Plus: Users perturbed by NYCC tweeting from their accounts without permission.
By Jason Imms on October 18, 2013 at 11:17 am
Welcome to the Friday Tech Roundup! Contained herein is your weekly dose of some of the best tech news from across the Internet, rounded up for your edification and entertainment. Read on for all the details of how ICANN and friends are distancing themselves from the US government, the new wireless tech that achieves speeds of 100Gbps, and a new method advertisers can use to track your phone across the Internet.
The Internet infrastructure group moves away from US government over spying
The Internet is maintained and controlled by a number of groups, dedicated to ensuring that the world’s digital communications remain stable, and free from any one nation’s complete control. These groups, including the Internet Corporation for Assigned Names and Numbers (ICANN), the Internet Assigned Numbers Agency (IANA), the Internet Engineering Task Force (IETF), and the World Wide Web Consortium (W3C), convened a meeting in Uruguay this month, in which the decision was made to move away from the US government based on “strong concern over the undermining of the trust and confidence of Internet users globally due to recent revelations of pervasive monitoring and surveillance,” they said in a statement.
The group has called for the acceleration of “the globalisation of ICANN and IANA function, towards an environment in which all stakeholders, including all governments, participate on an equal footing.”
Azerbaijan ballot app either sees the future, or rigs elections
This isn’t the first time that the government of Azerbaijan has been accused of corruption, and this recent controversy reported by The Washington Post does nothing to improve its image. The iOS and Android ballot app designed to allow users to remotely place their vote for the 2013 presidential election turned out to be capable of providing users with the results, before voting had even begun. The results showed that President Aliyev would retain his post, winning in a landslide.
The app developer claimed that the results were simply test data sourced from the 2008 election that was mistakenly included in the final release, despite the fact that the candidates listed lined up against those in the running for 2013. President Aliyev did end up winning the election, though the actual winning margin was less than that reported by the election app.
Advertisers may be able to track your phone with its accelerometer
Security researcher Hristo Bojinov has discovered a method for distinguishing individual smartphones based solely on accelerometer data, according to SFGate. Accelerometers are predictably imperfect, which means that they exhibit unique behaviours when idle. According to Bojinov, that information alone is enough to identify and track a device around the web.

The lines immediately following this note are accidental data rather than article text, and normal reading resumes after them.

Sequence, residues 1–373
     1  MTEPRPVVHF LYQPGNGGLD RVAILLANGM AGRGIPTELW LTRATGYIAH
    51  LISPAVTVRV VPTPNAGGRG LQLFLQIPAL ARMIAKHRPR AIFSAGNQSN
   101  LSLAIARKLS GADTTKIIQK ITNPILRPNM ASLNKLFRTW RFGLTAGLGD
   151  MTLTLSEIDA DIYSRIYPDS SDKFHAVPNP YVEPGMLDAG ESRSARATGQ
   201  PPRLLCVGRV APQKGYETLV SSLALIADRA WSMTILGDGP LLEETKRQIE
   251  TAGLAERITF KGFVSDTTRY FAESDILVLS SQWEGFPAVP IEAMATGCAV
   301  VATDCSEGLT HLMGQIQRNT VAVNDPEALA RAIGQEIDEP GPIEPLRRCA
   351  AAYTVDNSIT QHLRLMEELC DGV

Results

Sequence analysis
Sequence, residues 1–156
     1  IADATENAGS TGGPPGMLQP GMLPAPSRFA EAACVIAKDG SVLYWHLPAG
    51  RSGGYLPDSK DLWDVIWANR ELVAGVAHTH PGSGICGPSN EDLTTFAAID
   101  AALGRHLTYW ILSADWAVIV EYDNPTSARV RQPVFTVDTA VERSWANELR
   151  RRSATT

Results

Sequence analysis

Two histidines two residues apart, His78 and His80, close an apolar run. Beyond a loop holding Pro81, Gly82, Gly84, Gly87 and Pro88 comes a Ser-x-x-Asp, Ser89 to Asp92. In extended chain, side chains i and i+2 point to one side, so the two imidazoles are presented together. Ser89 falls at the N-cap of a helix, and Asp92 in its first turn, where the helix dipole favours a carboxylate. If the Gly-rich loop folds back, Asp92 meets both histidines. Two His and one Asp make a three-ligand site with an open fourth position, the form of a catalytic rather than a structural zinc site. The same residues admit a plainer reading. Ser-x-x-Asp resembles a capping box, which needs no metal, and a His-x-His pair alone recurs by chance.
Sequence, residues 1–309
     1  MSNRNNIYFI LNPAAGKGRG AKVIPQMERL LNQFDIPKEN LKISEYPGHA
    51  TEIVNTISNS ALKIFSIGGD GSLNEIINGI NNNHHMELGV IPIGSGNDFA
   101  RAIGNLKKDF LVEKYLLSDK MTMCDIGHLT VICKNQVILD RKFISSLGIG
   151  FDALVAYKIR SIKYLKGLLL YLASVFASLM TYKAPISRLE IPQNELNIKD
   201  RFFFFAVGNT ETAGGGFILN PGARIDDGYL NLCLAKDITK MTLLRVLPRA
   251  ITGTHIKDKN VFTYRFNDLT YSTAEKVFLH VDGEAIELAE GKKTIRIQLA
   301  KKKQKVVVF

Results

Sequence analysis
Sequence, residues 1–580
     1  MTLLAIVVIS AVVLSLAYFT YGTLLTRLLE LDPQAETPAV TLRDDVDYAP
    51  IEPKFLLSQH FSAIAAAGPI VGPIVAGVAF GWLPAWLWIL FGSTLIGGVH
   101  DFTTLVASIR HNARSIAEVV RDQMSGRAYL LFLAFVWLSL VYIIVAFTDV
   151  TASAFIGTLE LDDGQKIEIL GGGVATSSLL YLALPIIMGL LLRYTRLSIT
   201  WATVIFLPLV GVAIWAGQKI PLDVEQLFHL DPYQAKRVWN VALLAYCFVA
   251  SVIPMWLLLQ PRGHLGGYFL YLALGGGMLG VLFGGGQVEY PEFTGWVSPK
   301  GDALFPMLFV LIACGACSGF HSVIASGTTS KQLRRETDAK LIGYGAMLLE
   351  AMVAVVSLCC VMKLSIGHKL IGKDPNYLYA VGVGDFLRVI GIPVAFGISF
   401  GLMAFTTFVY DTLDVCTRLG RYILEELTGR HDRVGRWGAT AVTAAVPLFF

By quietly introducing a small piece of code to websites, advertisers could capture this information and use it to inform their advertising methods. “I don’t know if it’s been thought of before,” said Dan Auerbach, staff technologist at the Electronic Frontier Foundation. “It’s very alarming.” You can find your own device’s unique identifier by navigating to a website set up by Stanford University, and following the instructions on screen.
Image courtesty SFGate.
New Wireless data transmission method smashes previous records, achieving 100Gbps
Researchers at the Karlsruhe Institute of Technology in southwest Germany have developed a method that allows for wireless data transmission at a whopping 100 gigabits per second. Yes, gigabits. By transmitting data at a frequency of 237.5GHz over a distance of 20 meters, and using a unique photonic method of generating radio signals at the transmitter, Professor Ingmar Kallffass and his team were able to reach this new record.
“Our project focused on integration of a broadband radio relay link into fiber-optical systems,” explains Kallffass, “For rural areas in particular, this technology represents an inexpensive and flexible alternative to optical fiber networks, whose extension can often not be justified from an economic point of view.” Here’s hoping that this technology can be rapidly miniaturised and released, to ease the pain of those afraid of poor fixed wireless NBN performance.
New York Comic Con ghost-tweets for unwitting attendees
Embedding RFID chips in New York Comic Con (NYCC) badges seems like a good idea: the technology can stop counterfeiting, speed-up registration, and provide other interesting features, not the least of which is social media integration. Users that chose to tie their Twitter account to their badges were in for a rude shock, as tweets sporting the #NYCC hashtag and linking to the con’s Facebook page were posted without their knowledge or permission.
NYCC has since provided a statement to Mashable apologising for “any perceived overstep,” and saying that it was an “opt-in function after signing in, but we were probably too enthusiastic in our messaging and eagerness to spread the good word about NYCC.”